The announcement comes two years after Mr Jobs took a six-month break during which he underwent a liver transplant
Following the news, the company's shares had fallen 8.3% in Frankfurt by 1503 GMT, while futures for the SP 500 and tech-heavy Nasdaq dropped 0.3% and 0.9% respectively.
The US markets, which are currently closed for a holiday, will resume trading on Tuesday.
"At my request, the board of directors has granted me a medical leave of absence so I can focus on my health," Mr Jobs said in an email to Apple employees.
"I will continue as CEO and be involved in major strategic decisions for the company," the e-mail read.
Without specifying his health issues, Mr Jobs said he had asked Tim Cook "to be responsible for all of Apple's day-to-day operations" in his absence.
"I have great confidence that Tim and the rest of the executive management team will do a terrific job executing the exciting plans we have in place for 2011.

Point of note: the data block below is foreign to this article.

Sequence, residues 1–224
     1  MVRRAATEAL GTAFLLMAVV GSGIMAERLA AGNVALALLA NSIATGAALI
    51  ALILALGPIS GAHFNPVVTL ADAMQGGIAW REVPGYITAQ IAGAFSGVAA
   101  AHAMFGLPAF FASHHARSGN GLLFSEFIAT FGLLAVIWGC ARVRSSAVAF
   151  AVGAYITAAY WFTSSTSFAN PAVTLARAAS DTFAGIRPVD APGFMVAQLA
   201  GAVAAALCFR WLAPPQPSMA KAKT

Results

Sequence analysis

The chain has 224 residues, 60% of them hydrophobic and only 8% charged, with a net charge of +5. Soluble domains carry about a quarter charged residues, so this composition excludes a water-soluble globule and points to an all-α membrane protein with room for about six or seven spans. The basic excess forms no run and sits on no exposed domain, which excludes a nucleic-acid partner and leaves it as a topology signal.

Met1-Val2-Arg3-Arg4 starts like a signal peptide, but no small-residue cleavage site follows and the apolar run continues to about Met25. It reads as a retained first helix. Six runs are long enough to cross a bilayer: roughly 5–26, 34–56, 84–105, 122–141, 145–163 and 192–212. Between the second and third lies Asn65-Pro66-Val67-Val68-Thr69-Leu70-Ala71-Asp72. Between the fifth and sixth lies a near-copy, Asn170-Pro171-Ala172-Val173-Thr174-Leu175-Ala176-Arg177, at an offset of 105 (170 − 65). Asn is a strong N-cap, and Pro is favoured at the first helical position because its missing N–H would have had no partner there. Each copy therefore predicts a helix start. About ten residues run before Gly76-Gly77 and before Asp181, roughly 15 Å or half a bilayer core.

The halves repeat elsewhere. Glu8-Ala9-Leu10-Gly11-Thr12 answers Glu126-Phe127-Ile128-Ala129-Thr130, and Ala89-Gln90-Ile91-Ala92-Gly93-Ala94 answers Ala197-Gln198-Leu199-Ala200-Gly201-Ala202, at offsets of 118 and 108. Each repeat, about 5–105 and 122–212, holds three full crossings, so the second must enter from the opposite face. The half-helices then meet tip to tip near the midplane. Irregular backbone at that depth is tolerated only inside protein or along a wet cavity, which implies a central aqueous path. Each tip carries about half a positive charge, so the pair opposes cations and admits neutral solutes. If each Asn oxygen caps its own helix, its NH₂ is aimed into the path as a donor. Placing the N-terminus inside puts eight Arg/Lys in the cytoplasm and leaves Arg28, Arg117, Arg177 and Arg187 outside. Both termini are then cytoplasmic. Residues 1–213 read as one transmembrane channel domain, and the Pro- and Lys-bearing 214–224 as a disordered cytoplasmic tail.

"I love Apple so much and hope to be back as soon as I can. In the meantime, my family and I would deeply appreciate respect for our privacy."
The company's fortunes have been uniquely linked to their CEO, who returned to the company in 1997 after a 12-year absence to turn around the flagging tech giant with innovative and wildly successful products like the iPod and iPhone.
Mr Jobs underwent an operation in 2004 for pancreatic cancer, which was kept under wraps until years later.
Questions about his health have resurfaced periodically since the cancer diagnosis, and have been the subject of much debate among corporate governance experts over the obligations the company has to its shareholders.
Tim Cook will be responsible for Apple's day to day operations.
Taken from Yahoo news with permission.
"My lovely car now sold onto a very happy new owner.
I still love this marque and I will still be around, preferred selling to breaking, as a great runner and performer"